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Dr Hanchao Hou’s PhD unlocked a career path in positive psychology research at Tsinghua University in China. With the support of the University of Melbourne and his supervisor, he gained the skills and knowledge needed to develop a whole new research framework.
Before his PhD, Dr Hanchao Hou had studied psychotherapy and counselling. But he felt he could do more to improve people’s lives.
“Traditional psychology focuses a lot on clinical psychology or abnormal psychology – a lot of negative things. Positive psychology focuses on the character strengths of humans and positive human experiences like happiness and love,” Dr Hou says.
Counselling and psychotherapy generally help people with psychological disorders. Through developing a better understanding of psychological wellbeing, Dr Hou says positive psychology research can help more people.
I’m a person with a lot of curiosity. Research and academic work are a good opportunity to satisfy my curiosity. Dr Hanchao Hou
Choosing the University of Melbourne for positive psychology research
A friend who lived in and loved Australia helped convince Dr Hou to choose to study in Australia.
“I think I watched a lot of videos about Australia, and I thought Australia was very beautiful,” Dr Hou says.
At the time, the University of Melbourne was one of only a handful of universities internationally with positive psychology research centres. The University of Melbourne’s high international rankings convinced Dr Hou to apply.
The city of Melbourne was also a great fit for Dr Hou.
“In Melbourne, there is a large Asian population. I could eat my hometown food and other Asian food like sushi and pho. Even though it doesn’t matter for academic achievement, it helped me to live well,” he says.
Building the foundation for an academic career at the University of Melbourne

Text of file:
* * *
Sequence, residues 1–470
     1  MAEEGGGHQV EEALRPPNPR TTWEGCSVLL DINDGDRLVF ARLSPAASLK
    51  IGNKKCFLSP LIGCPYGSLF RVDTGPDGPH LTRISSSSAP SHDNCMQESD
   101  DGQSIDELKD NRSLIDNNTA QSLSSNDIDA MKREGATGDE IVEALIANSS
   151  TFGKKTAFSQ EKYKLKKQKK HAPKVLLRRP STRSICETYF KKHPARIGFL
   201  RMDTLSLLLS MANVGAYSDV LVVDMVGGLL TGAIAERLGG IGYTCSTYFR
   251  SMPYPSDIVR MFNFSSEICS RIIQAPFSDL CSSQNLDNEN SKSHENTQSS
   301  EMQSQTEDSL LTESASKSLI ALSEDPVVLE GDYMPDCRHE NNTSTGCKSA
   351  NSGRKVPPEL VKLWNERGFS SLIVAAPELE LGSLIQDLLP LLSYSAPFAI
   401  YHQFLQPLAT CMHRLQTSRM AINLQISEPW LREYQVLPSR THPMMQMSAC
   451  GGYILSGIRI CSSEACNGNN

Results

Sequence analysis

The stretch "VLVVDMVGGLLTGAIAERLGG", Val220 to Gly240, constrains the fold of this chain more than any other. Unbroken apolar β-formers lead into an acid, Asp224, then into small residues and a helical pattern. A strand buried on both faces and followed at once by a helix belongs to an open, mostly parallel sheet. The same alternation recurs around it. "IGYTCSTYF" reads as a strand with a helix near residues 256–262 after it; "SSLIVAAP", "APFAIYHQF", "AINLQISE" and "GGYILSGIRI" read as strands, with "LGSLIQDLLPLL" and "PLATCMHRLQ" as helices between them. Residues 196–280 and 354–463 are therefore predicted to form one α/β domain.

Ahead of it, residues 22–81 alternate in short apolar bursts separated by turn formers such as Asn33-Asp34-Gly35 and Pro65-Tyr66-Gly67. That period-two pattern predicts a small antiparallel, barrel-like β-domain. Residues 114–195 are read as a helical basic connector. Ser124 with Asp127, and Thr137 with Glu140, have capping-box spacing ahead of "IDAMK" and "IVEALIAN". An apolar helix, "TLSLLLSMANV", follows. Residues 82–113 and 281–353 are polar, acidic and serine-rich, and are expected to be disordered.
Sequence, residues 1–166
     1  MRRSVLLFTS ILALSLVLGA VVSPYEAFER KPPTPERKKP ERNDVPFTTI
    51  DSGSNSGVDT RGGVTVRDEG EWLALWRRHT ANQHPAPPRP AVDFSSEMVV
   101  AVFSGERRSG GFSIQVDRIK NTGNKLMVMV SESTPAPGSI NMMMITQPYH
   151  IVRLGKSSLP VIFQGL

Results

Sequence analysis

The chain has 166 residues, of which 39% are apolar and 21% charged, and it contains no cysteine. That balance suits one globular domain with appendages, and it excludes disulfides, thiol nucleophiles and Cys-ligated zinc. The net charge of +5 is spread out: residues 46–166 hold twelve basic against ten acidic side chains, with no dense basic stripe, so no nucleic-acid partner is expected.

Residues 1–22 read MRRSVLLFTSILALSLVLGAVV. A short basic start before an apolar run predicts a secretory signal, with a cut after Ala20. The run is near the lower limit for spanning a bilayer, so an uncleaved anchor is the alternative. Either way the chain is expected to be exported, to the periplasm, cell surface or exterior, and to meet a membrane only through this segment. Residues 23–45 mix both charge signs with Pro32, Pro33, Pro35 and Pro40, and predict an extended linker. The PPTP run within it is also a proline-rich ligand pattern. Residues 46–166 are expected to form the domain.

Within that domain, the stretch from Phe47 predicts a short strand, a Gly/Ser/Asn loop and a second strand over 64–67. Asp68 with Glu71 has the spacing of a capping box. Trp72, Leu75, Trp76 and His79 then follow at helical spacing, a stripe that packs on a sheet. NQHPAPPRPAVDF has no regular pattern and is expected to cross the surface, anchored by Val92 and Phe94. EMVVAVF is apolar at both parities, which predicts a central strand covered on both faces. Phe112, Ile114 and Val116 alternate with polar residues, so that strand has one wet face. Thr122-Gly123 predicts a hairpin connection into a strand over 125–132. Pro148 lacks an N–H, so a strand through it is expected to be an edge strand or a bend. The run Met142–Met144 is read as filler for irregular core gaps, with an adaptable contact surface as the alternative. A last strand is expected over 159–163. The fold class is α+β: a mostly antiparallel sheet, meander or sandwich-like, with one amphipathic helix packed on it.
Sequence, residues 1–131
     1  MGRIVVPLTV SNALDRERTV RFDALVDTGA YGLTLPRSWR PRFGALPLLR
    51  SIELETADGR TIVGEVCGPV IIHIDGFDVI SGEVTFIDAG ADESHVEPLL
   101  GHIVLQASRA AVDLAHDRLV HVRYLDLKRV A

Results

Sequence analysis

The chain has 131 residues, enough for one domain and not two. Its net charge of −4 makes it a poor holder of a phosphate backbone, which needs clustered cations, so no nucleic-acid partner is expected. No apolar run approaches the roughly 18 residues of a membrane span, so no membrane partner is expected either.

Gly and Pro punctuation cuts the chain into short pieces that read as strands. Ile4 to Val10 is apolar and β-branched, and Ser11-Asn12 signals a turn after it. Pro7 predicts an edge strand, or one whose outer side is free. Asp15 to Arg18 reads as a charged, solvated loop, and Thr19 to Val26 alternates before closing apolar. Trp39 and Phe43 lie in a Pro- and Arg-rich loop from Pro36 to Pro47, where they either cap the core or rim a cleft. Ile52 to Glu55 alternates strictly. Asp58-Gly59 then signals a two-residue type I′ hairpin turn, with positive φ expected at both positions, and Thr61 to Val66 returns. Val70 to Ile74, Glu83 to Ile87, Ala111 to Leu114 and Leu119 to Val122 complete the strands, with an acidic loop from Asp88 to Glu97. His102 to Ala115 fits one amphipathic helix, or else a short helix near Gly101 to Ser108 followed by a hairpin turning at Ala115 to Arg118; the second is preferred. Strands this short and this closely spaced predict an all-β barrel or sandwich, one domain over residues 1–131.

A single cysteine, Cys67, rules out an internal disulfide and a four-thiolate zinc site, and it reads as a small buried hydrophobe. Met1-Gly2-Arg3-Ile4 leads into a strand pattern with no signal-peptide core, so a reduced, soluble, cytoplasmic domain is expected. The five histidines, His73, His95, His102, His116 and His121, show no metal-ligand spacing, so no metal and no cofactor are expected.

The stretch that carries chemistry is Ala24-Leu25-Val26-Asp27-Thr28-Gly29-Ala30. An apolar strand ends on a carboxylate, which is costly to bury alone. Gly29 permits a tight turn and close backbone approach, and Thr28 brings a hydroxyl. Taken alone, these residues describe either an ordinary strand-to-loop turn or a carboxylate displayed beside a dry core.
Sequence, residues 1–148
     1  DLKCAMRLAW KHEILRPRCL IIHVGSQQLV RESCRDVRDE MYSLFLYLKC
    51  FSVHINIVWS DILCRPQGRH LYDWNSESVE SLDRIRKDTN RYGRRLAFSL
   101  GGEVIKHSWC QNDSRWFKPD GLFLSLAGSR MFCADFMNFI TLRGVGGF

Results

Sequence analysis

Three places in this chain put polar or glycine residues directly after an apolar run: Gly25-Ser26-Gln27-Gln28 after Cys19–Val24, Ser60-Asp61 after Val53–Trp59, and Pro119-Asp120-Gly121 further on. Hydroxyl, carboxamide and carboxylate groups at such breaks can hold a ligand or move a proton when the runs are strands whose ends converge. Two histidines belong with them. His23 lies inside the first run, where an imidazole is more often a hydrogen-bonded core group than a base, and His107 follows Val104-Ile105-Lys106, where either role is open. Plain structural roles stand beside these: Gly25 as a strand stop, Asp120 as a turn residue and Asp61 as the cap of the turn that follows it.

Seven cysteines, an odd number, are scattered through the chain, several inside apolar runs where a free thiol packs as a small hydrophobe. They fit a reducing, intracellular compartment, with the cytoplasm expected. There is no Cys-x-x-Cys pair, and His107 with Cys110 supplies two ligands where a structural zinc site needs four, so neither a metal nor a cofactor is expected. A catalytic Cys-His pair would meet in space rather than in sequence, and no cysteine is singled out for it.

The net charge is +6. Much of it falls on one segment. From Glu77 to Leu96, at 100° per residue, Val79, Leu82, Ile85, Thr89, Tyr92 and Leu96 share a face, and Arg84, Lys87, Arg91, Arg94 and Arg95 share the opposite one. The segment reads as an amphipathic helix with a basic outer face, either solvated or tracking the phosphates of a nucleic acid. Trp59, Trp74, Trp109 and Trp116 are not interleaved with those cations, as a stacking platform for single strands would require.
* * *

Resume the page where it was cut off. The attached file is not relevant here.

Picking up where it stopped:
The University of Melbourne’s reputation helped connect Dr Hou with respected colleagues, who would visit the Centre for Wellbeing Science from around the world.
“When they would come, they would also have an open office hour. I could communicate with them face to face,” he says.
Dr Hou had many opportunities to collaborate with other graduate researchers at the University as well.
“I collaborated with my PhD colleague to publish a paper. During this process, I learned a lot. I learned how to do meta-analysis, he says.
That paper has now been cited over 140 times. It was only published in 2021. It’s been cited a lot in a very short time. Dr Hanchao Hou
But research can also be challenging. PhD projects involve many uncertainties – your experiments can fail, or your manuscripts can be rejected.
A supportive supervisor can help manage these challenges. Having developed a self-critical and perfectionist mindset because of his previous educational experiences before arriving at the University of Melbourne, Dr Hou was hesitant to seek feedback. But his supervisor, Professor Lindsay Oades, proved to be very encouraging.
“Before that, I had an inner critical voice for my research. But after that, I learned to make improvements without too much criticism,” Dr Hou says.
A career in research becomes possible with a PhD
After graduating with a PhD in September 2022, Dr Hou has returned to China, where he is working as a postdoctoral fellow at Tsinghua University.
“I’m basically doing similar things as during my PhD: reviewing articles, writing papers, doing research,” he says.
With his colleagues, Dr Hou is combining positive psychology with technology to develop a field they call computational positive psychology.
Dr Hou is building on skills and knowledge learned during his PhD.
“Before my PhD, I also had a masters degree. I did research, but on a lower level only. I did things that didn’t have a lot of theoretical implications,” he says.
But after the PhD, I have a broader view. Now I collaborate with my colleagues. Now I can develop a whole framework, and the framework can hold lots of research. Dr Hanchao Hou
Advice for new graduate researchers
To succeed at research, Dr Hou says having patience is important.
“In some work you get feedback very quickly. But in research, feedback can take a very long time,” he says.
Yet seeking that feedback is the only way to improve. Dr Hou thinks many PhD researchers may be afraid to show their work to their supervisor because they fear being told their work is not good enough.
“I suggest: don’t be ashamed. Your supervisor is there to help you improve, not to criticise you or to judge you. Just show them.”
First published on 12 September 2023.
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